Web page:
On all these metrics, Bolivarian socialism underperformed. Nature handed Chávez by far the biggest resource windfall in Latin America (Figure 4), yet compared with its less-lucky neighbors, Venezuela experienced slow economic growth (Figure 5) and high inflation (Figure 6). Nor did Venezuela eclipse many of its neighbors in lowering infant mortality (Figure 7), slashing poverty, reducing inequality or improving school attainment during Chávez’s tenure. Many of the countries that surpassed Venezuela in these social achievements did so in part by implementinginnovative anti-poverty programs called conditional cash transfers, in which the government pays poor women who take their children to school or the doctor. While Mexico, Brazil, Peru, Colombia and other countries pursued these highly effective policies, Venezuela scaled up projects that “one will be hard-pressed to find [evidence of] in human development statistics,” in the words of a prominent Venezuelan economist who evaluated the programs.
4. Venezuela had the biggest resource windfall
5. With low economic growth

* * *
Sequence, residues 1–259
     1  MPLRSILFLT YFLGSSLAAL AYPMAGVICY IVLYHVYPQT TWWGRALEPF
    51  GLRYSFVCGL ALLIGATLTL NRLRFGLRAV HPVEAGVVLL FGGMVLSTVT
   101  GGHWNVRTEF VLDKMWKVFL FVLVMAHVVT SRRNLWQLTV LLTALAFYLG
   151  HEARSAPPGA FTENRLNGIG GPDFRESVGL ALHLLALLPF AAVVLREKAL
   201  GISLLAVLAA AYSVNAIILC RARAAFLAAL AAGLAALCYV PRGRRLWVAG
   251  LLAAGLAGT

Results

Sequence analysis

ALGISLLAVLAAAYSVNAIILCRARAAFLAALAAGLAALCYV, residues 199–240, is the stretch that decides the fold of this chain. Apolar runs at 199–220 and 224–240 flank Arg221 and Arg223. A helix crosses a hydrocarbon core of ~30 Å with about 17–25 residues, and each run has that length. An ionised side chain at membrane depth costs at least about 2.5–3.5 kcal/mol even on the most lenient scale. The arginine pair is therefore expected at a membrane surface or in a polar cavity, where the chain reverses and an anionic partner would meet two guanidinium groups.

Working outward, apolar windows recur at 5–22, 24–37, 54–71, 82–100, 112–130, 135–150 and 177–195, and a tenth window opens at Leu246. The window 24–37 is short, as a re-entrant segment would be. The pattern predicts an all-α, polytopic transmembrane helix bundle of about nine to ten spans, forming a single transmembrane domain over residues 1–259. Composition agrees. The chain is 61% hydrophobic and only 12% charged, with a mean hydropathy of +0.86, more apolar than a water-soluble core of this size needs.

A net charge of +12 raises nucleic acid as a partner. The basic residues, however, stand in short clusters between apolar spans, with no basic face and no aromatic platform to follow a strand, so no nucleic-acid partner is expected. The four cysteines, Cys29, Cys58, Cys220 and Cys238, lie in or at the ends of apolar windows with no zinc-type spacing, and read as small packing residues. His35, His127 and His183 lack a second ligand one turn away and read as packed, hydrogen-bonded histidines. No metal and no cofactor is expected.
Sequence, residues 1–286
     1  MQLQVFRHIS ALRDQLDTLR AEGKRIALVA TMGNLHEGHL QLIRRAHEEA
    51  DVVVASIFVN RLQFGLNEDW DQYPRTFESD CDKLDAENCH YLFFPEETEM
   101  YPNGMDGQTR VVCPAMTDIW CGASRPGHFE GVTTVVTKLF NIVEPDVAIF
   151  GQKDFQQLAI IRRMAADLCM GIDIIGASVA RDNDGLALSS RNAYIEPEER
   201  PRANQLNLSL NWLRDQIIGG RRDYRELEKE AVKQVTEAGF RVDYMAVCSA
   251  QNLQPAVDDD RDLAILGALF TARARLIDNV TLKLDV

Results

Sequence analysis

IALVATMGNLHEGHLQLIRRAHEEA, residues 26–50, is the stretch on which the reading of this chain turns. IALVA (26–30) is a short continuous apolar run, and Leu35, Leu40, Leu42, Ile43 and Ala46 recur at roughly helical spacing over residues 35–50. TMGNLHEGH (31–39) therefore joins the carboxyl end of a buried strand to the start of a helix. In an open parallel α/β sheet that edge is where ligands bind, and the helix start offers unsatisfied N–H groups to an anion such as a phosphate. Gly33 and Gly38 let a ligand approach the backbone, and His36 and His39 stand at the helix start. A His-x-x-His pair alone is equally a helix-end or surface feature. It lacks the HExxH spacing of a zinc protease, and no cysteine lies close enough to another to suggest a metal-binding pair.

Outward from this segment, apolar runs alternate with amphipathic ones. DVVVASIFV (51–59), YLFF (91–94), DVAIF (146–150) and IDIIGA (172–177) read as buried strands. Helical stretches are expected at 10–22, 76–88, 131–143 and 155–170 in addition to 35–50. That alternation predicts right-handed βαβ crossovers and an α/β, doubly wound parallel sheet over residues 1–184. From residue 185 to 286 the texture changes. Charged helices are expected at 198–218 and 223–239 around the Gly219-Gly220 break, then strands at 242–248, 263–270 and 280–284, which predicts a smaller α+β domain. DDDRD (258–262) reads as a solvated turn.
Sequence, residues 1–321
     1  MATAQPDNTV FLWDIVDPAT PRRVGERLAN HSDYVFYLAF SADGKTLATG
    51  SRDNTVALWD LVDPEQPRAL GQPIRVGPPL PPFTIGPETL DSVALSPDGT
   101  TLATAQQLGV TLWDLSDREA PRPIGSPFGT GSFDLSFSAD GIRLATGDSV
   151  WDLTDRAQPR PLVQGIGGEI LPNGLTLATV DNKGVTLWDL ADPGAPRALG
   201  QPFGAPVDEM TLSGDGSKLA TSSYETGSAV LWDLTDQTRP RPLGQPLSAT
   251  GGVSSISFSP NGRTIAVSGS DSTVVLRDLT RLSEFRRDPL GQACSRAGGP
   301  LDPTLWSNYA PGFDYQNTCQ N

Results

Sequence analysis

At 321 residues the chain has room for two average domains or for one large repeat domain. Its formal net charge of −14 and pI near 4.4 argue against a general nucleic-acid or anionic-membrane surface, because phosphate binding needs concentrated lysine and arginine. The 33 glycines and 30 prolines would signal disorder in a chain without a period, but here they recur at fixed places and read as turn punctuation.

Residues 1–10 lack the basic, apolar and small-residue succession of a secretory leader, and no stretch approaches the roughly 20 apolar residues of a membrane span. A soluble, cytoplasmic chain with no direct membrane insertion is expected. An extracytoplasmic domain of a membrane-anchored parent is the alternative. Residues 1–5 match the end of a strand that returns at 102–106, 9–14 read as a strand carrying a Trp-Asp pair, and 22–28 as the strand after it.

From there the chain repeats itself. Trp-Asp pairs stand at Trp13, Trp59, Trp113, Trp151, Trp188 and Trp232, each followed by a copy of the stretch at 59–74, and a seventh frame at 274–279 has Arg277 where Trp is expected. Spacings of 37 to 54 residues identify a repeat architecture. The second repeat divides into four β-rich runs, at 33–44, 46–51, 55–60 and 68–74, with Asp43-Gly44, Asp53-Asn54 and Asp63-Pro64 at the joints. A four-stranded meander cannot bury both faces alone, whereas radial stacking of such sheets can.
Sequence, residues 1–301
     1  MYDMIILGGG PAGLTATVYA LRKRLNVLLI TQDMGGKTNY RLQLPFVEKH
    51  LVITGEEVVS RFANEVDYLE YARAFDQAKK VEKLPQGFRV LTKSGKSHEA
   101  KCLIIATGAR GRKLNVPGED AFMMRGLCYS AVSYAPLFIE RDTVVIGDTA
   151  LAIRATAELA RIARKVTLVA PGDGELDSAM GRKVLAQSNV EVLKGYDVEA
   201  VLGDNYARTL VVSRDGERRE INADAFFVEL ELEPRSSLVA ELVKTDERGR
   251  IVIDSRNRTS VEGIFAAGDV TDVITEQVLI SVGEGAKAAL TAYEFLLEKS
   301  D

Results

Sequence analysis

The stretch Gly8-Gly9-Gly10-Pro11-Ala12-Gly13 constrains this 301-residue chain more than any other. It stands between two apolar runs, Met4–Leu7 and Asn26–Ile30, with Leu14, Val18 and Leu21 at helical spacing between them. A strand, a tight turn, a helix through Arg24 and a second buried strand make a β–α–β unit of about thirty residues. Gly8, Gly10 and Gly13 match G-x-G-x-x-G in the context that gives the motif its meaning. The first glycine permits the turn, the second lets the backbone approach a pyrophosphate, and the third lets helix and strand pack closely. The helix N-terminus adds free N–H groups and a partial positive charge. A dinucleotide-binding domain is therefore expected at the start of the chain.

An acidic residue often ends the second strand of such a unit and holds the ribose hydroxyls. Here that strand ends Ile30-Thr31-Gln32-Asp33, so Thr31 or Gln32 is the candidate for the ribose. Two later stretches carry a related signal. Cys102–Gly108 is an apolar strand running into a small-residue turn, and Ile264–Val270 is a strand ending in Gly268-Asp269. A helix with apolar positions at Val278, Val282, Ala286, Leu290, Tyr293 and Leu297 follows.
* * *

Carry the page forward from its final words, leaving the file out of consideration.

6. High inflation
7. And a mediocre reduction in infant mortality
This failure is especially stark in relation to the world-historical scale of Chávez’s promises, and to the one-time hemispheric enthusiasm for his project. A decade ago, leftists from Boston to Buenos Aires thought Chávez was pioneering a fairer, more inclusive, more pro-poor mode of governance than anything the Washington elite had to offer. Chávez styled his Bolivarian revolution as a serious challenge to U.S. hegemony, casting himself in the role of anti-imperialist hero.
Venezuela aggressively sold its revolutionary dream, luring allies with billions of dollars’ worth of oil. In the end, though, most of his neighbors turned away from Chávez’s vision, and in doing so they made more progress toward many of the goals that Chávez had set for his government. In an attempt to revive the utopian fervor of the mid-2000s, one of Chávez’s glossy 2012 campaign ads (replete with strings and slow motion) claimed that Venezuela had become “a model of solidarity and social justice for the whole planet.” By then, the grandiose rhetoric sounded hollow.
Even one of Chávez’s radical-left allies, Bolivian President Evo Morales, treated his country’s resource income more responsibly, as Venezuelan economist Omar Zambrano has pointed out (here, in Spanish). Among Venezuela’s regional friends, Morales ranks right behind Cuba’s Castros. Like Chávez, Morales drove his domestic opposition to hysterics with heated, anti-elite rhetoric. Like Chávez, Morales rewrote his country’s constitution and changed the nation’s official name. And like Chávez, Morales presided over a period of supremely favorable economic conditions; Bolivia enjoyed a similar improvement in the price of its exports relative to its imports between 2003 and 2012 (Figure 8).
8. Bolivia saw similar external conditions